“My Native Tongue is Silence”
“The person who says something is impossible should get out of the way of those doing it.”
poster designed by Tash Nelson
Fear had muted my voice.
Paralyzed by words that ripen tomorrow, I speak silence fluently.
Facing fear, I found this poem at the inter-section-ality
of devotion and hypocrisy;
validation had become my enemy
bound to injuring adjectives
that slowed my step
as if I was still that eleven-year-old girl
with sweaty palms, hot feet, and a throbbing heartbeat
whenever I was asked to R-E-A-D.
Hour after hours spent daily hiding my disability,
homework I never understood.
My cognitive impairment and urban roots integrated
eons of cellular fear and protective ancestral masking,
hyphenated African; I did not know what was wrong with me!
Mother, I forgive you for long kitchen table nights,
“You’re going to get this done” cruelty
that never cured immeasurable pain.
I surrender beyond time and space.
A creative contradiction standing
on the precipice of desperation and courage,
I live truth that once inconvenienced.
Breath of solidarity,
inherited worth is my wholeness.
Childhood anguish turned teenage trauma, turned mental abuse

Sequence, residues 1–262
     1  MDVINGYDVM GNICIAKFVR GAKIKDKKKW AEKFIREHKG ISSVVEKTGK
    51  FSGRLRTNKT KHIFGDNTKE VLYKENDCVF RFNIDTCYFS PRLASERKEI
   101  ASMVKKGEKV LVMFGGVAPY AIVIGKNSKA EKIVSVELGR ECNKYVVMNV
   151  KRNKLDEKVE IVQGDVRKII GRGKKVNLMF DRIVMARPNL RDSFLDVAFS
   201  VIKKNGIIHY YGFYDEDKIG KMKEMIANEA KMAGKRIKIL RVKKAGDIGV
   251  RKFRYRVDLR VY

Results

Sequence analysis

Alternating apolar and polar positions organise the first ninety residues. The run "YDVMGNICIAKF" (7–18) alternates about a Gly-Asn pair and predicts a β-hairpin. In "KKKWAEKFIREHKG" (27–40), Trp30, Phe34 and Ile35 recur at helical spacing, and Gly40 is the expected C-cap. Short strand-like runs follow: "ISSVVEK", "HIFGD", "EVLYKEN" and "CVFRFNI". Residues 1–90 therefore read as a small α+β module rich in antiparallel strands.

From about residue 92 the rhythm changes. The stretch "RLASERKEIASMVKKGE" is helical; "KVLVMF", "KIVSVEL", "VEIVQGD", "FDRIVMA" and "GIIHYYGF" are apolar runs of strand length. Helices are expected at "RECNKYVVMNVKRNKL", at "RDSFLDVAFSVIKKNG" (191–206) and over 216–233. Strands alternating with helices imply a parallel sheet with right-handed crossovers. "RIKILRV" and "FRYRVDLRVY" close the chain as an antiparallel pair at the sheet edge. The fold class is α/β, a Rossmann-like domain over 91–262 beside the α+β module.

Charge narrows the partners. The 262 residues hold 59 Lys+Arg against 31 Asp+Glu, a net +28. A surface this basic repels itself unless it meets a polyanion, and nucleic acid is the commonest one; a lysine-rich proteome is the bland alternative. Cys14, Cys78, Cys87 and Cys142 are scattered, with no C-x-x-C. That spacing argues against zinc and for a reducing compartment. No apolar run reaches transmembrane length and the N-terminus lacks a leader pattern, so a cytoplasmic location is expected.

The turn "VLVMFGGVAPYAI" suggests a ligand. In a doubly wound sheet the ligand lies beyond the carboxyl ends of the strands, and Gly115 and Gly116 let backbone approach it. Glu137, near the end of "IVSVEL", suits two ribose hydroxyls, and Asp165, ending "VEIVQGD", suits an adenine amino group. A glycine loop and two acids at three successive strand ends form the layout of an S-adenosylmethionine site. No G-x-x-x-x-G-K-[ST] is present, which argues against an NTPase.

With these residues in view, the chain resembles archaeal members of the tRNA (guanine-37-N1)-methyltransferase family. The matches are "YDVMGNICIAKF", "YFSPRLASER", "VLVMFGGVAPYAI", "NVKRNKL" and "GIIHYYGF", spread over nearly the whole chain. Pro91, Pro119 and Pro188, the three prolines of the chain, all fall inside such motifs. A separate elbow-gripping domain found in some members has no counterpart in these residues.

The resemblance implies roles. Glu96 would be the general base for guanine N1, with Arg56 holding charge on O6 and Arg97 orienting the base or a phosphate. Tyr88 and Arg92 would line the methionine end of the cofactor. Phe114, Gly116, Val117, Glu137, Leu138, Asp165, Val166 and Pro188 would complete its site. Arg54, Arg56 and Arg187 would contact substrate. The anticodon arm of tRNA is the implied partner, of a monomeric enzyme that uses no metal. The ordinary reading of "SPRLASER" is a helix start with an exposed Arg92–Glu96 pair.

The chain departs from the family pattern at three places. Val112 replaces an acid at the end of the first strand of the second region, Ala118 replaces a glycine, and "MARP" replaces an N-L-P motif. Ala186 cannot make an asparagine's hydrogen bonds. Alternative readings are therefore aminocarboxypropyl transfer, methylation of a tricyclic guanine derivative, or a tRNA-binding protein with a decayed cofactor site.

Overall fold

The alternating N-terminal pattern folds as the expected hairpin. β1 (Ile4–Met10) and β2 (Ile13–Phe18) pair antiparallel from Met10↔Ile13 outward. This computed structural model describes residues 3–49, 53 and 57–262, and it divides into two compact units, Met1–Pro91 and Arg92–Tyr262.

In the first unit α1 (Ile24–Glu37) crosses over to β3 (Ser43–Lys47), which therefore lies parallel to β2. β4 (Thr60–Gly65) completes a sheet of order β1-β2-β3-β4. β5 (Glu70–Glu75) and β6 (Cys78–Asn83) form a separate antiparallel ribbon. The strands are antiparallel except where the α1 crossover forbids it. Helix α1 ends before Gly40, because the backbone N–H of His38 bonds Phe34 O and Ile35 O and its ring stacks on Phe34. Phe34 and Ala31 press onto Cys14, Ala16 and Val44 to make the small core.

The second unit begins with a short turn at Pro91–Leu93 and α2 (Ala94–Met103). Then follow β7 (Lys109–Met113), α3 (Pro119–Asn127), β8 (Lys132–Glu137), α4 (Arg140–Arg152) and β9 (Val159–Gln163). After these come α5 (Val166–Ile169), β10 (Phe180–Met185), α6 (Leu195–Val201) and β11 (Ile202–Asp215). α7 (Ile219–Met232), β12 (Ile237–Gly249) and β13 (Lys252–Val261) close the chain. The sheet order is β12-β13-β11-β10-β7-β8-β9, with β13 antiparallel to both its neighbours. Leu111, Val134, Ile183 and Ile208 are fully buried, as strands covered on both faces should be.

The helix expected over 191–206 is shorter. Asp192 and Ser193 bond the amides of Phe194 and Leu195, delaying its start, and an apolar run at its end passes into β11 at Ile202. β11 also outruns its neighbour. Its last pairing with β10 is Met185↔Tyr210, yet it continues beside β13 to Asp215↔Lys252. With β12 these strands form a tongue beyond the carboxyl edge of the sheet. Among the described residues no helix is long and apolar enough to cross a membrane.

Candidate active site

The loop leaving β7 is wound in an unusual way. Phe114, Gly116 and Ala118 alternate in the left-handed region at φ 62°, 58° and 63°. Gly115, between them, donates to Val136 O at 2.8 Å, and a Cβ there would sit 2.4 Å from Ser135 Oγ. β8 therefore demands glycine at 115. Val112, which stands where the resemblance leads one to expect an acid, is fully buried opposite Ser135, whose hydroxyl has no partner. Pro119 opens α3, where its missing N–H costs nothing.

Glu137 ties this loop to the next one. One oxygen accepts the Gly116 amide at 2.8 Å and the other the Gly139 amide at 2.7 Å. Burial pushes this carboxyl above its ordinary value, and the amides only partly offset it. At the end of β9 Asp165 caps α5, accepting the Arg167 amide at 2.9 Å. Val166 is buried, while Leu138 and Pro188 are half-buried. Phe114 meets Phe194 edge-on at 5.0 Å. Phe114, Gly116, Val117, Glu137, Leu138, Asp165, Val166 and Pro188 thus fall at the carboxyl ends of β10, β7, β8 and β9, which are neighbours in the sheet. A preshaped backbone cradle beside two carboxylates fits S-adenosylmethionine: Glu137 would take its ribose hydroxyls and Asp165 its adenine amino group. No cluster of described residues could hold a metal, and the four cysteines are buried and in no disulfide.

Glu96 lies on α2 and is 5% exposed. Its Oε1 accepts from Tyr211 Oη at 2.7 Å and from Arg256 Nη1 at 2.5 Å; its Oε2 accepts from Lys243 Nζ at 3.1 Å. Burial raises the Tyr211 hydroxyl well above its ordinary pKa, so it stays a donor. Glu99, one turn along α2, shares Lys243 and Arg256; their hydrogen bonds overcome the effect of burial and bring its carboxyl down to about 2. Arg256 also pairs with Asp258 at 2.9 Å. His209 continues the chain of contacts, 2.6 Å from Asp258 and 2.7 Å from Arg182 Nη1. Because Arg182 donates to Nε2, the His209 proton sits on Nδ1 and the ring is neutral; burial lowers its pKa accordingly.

replaying like syndicated failure.
Our collective access renews liberation.
Today, my liability is an asset.
Criticism kills the power that thrives in praise;
I know why a caged bird sang,
Invisible suffering turned social construct.
I have been in the ante room of vulnerability
waiting to put down my mirror and live.
Process is standing still and clouds of intent pour from my eyes
Change the narrative:
I am not my disability!
Modify the narrative!
Freedom is on the other side of pain.
Transform the narrative,
When I did as instructed, I was labeled incompetent.
When I did it my way, I was declared an artist.
Today I claim a deeper level of healing,
I walk in self-forgiveness and clarity,
Living beyond cycles of destitution neutralized by isolated bravery.
I write past the past, today.
Silence is broken!